14 March 2017
Parsing the Pancreas
In this commentary, published in New England Journal of Medicine, DanStem professors Anne Grapin-Botton and Palle Serup cover recent results obtained with new single-cell RNA-Seq measurements of mouse and human pancreas cells.
The most widely used single-cell transcriptomics assay, adapted from an assay that analyzes cell populations, is RNA-seq (RNA sequencing); RNA-seq measures global gene expression by reverse transcribing RNA into complementary DNA and then sequencing it. This strategy has been used to compare gene expression between samples, for example between a tissue from a diseased patient or a healthy individual. However, if different cells have different gene expression changes, this is not seen with such a strategy.In the single-cell RNA-seq protocol, individual cells are typically captured in microfluidic devices or by means of flow cytometry. This strategy uncovers changes between different cells from an organ and can compare them individually to the cell profiles of a diseased organ.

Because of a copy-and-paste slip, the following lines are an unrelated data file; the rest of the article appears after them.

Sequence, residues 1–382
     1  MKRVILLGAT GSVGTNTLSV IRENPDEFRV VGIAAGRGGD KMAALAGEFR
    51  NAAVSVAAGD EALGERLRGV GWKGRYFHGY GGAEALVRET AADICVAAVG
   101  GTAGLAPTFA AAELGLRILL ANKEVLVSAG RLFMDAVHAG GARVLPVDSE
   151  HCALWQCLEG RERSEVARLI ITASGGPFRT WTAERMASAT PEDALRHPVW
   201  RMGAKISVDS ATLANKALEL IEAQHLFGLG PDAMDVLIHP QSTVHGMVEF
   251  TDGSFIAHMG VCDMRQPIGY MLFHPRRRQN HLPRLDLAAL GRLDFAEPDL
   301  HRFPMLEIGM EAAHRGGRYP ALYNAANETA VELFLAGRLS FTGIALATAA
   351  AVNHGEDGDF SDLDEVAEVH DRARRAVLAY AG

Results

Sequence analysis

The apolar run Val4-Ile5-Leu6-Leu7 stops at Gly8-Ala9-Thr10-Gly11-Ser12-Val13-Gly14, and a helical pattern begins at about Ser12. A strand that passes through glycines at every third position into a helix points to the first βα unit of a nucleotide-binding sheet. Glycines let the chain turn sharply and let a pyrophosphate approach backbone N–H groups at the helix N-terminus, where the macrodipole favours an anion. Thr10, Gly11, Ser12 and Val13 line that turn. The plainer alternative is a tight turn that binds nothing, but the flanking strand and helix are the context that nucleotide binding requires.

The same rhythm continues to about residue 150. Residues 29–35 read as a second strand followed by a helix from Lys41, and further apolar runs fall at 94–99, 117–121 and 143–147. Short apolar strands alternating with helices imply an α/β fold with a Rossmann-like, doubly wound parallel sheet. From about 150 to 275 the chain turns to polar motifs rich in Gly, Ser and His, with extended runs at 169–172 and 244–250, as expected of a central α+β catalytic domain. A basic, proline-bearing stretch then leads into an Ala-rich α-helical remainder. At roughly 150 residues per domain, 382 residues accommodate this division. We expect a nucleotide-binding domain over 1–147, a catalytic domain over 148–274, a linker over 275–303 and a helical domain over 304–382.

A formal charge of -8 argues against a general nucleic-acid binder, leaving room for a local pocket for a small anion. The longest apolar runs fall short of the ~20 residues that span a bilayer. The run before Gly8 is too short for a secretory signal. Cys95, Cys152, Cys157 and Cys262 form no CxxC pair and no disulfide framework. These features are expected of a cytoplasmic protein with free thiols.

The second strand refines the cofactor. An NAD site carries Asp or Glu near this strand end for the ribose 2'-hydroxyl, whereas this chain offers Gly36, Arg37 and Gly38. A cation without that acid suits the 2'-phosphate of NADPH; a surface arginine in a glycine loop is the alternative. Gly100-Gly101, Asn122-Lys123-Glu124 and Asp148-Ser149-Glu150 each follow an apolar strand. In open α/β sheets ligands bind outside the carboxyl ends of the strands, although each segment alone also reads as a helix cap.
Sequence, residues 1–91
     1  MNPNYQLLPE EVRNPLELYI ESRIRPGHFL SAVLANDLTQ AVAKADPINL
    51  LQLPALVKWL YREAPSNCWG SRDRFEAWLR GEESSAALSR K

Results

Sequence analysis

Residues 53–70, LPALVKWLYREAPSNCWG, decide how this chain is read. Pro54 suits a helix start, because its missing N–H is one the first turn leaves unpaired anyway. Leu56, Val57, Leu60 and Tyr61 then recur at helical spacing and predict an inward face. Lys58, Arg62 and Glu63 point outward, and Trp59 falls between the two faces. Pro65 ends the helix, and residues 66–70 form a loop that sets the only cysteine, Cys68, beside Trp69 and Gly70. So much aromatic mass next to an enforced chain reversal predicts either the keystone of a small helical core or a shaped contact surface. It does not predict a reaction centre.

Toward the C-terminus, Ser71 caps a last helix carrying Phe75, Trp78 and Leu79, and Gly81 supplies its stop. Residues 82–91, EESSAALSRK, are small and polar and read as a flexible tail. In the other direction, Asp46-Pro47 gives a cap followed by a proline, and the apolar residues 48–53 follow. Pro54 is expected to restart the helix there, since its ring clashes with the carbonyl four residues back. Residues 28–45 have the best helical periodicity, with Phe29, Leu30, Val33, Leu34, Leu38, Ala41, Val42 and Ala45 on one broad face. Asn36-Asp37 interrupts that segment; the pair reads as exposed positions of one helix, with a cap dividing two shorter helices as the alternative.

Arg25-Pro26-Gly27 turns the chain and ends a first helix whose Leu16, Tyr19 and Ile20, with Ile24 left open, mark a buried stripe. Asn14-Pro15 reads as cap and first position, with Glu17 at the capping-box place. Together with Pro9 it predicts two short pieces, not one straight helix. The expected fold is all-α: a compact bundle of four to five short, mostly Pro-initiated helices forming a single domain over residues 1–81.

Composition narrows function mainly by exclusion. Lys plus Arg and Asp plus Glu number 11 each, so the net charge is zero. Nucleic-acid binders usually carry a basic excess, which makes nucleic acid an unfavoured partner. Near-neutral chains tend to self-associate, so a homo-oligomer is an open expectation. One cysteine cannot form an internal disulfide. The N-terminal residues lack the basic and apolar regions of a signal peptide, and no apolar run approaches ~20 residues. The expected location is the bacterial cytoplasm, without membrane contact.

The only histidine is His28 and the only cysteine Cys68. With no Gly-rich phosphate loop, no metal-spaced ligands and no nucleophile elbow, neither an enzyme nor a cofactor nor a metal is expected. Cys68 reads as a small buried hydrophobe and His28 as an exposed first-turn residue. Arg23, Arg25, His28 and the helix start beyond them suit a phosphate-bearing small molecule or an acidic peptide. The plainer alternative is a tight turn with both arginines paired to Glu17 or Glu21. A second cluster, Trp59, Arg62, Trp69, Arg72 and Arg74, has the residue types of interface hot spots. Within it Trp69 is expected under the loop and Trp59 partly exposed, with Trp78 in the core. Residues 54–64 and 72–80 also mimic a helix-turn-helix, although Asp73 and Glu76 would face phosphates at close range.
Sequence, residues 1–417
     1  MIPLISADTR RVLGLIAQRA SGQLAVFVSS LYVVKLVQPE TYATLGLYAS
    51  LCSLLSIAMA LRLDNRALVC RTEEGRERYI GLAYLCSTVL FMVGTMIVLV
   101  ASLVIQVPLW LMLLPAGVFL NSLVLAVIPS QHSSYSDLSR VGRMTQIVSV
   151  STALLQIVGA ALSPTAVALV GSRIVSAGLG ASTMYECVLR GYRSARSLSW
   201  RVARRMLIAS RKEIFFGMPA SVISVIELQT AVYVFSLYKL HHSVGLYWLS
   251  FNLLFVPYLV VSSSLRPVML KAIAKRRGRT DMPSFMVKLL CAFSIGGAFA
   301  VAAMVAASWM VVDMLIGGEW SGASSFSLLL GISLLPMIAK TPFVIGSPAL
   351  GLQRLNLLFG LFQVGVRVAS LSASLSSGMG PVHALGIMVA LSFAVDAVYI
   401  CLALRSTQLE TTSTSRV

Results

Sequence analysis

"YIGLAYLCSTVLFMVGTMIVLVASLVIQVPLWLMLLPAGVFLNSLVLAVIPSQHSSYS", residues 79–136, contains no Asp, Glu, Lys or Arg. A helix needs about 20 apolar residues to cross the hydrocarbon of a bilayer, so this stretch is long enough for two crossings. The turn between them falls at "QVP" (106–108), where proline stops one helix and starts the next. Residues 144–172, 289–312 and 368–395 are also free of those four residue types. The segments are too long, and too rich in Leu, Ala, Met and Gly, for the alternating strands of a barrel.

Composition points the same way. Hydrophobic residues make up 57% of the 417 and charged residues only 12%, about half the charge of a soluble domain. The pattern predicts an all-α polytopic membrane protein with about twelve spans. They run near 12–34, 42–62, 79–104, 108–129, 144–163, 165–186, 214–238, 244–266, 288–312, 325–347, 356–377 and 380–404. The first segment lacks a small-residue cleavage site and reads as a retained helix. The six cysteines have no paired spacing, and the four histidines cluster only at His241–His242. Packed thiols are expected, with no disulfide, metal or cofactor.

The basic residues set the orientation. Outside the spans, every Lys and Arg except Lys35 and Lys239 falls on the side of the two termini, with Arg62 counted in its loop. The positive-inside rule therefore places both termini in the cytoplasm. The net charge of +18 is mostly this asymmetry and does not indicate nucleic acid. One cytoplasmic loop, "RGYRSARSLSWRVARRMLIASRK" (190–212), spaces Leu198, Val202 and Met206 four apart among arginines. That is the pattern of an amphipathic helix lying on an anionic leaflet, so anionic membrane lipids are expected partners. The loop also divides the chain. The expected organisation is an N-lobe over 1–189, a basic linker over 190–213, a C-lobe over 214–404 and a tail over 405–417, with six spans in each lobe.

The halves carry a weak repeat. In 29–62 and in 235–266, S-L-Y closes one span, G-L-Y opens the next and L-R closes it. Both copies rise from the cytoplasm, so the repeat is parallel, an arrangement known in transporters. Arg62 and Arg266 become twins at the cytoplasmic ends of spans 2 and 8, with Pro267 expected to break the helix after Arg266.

Analyses of single-cell RNA-seq data are substantially more challenging than analyses of data from similar experiments on cell populations, which have been facilitated by the development of analysis and quality-control pipelines that make use of customized computer algorithms. Notably, as described in four recent papers, this technique has been used to analyze large numbers of single cells from human islet preparations, which by their very nature contain lots of contaminating non-islet cells, allowing a sampling of all pancreatic cell types. These analyses identified all the known cell types, including rare cells such as the ghrelin-producing epsilon-cell. In addition, new subgroups among beta cells and duct cells were identified. “Importantly, the profile of some cells was found to change in type 2 diabetes patients and these could prove important for future disease studies”, says Palle Serup.
Grapin-Botton, Anne & Palle Serup (2017). Parsing the Pancreas. The New England Journal of Medicine, 376(9), 886-888, doi:10.1056/NEJMcibr1616217